Gravy: The Podcast is now available every second Thursday by iTunes subscription:

“Gravy, a biweekly podcast, doesn’t profile star chefs. We don’t pander to cookbook authors. We don’t narrate recipes. Gravy tells stories of people and place through food…”

Join this important conversation (and get your own copy of Gravy mailed to your door) with your Southern Foodways Alliance membership. (Membership also makes a great holiday gift – think #givingtuesday.)

The piece below, written by Catarina Passidomo, reflects this year’s Southern Foodways Alliance theme, “Who is Welcome at the Welcome Table?” and can be found on page 13 of Gravy #53. View the entire issue in digital form here.

FOOD JUSTICE

“WHY STUDY FOOD JUSTICE??
Lessons from A Post-Katrina New Orleans” by Catarina Passidomo

When I tell people that I study food, the response is usually one of curious interest. When I go on to explain that I study food justice—that is, the connections between food systems and race, class, gender, and other means of oppression—the look of curiosity changes slightly. Is that confusion? Agreement? Concern? People who experience one or multiple forms of oppression in their own lives generally nod with understanding. But for many of us, the connections between food and social justice are abstract. The interlocking systems that bring food from field or factory to fork, spoon, fingers, or chopsticks are mostly obscured from view. Or they are so familiar that we don’t notice them. But if we look closely and critically, we can begin to see through food to broader systems of oppression and dominance. This makes food a powerful tool for thinking and teaching about social justice. Continue reading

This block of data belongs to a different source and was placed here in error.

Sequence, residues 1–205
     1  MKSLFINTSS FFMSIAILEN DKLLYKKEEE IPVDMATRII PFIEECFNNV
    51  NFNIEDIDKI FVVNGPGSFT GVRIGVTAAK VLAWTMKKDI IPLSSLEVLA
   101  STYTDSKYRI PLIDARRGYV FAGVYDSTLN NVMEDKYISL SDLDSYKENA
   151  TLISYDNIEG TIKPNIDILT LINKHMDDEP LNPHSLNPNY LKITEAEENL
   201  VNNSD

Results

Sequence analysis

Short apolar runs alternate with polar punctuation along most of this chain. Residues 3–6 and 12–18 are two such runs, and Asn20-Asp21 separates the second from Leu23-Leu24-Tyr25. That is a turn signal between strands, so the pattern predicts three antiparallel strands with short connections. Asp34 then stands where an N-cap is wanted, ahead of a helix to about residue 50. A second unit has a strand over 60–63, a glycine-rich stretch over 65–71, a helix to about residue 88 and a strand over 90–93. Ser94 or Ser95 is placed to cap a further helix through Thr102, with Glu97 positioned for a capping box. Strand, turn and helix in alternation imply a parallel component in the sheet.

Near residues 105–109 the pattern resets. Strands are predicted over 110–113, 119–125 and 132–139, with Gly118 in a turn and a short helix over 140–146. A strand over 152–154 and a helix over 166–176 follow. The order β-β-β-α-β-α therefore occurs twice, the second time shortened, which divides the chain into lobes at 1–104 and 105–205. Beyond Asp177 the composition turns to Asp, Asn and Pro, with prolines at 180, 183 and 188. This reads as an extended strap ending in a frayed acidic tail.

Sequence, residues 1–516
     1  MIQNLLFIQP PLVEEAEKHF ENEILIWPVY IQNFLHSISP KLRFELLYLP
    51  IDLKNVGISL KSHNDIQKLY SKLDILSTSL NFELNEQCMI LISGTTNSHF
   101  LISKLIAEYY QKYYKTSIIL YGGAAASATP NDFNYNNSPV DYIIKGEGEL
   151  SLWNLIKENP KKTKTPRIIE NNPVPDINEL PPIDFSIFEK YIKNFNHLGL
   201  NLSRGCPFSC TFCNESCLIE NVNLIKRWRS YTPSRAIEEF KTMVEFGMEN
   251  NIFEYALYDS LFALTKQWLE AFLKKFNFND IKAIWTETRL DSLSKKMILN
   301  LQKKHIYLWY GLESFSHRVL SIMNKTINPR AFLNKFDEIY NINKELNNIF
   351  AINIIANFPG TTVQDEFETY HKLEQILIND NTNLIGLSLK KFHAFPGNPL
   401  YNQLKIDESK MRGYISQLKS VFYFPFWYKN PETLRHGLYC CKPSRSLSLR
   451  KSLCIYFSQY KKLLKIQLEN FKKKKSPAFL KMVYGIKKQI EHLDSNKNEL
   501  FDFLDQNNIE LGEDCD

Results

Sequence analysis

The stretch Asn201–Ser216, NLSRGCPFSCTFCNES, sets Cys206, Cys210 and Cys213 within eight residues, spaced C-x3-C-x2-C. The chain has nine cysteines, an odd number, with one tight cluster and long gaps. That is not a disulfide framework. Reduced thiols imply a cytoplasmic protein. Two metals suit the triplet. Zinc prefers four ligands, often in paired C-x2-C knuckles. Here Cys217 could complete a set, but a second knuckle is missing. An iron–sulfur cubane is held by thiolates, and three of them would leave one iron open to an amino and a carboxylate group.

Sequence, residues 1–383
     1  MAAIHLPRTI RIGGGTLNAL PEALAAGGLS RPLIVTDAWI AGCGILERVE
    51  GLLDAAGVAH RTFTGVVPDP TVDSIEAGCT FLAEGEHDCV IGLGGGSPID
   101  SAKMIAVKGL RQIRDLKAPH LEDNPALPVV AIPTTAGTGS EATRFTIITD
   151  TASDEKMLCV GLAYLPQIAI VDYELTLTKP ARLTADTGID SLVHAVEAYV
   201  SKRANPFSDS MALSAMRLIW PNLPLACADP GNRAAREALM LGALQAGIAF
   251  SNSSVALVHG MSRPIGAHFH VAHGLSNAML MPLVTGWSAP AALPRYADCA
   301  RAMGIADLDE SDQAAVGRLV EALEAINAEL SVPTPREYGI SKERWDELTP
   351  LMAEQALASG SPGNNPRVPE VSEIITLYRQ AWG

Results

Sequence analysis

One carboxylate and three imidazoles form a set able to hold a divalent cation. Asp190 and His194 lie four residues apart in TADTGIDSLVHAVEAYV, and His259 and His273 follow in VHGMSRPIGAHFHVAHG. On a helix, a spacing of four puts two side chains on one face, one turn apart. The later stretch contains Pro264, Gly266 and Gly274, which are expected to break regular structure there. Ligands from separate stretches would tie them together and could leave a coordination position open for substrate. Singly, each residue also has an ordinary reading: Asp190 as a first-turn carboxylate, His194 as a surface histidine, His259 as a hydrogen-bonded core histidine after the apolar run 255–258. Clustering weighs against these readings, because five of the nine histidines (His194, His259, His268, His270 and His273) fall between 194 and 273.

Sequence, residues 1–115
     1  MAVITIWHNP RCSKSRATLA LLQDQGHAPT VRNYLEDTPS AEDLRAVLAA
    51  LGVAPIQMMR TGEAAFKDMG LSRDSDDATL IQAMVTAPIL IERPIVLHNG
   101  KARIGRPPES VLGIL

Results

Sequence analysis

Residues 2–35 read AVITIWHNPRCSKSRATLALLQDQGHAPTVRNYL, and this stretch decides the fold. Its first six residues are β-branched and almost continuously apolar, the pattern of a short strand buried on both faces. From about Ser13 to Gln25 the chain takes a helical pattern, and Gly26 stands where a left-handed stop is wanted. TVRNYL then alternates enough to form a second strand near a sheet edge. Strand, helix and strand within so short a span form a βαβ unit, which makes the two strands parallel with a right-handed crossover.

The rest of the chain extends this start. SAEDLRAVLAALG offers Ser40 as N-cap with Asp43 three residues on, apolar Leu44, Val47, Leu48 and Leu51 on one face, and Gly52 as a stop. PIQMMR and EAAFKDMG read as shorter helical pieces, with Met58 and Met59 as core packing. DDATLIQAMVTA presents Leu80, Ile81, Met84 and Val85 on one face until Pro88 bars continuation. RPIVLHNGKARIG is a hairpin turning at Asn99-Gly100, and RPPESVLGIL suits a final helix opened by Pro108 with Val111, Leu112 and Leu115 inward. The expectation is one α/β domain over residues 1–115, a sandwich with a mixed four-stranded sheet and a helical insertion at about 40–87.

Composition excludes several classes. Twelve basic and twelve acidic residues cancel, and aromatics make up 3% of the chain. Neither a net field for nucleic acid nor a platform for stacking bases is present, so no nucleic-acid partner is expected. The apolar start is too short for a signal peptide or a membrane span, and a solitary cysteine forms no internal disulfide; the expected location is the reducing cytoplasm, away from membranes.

REAL WOMEN: SOLA

REAL WOMEN: SOLA

Do you remember your first day of school? I don’t remember the actual day, but I do have photos of myself, standing outside my first grade classroom, smiling, wearing a plaid dress and knee socks. I do remember my children’s first school days—the nervous excitement they showed and the bittersweet pride I felt at witnessing this important milestone. While I don’t take those moments for granted, there was never a doubt that those moments would come. It’s common now to see Facebook, Twitter, and Instagram light up with school photos that document every moment of our children’s educational lives. A few months ago, I received an email from an old friend that provided some much-needed perspective.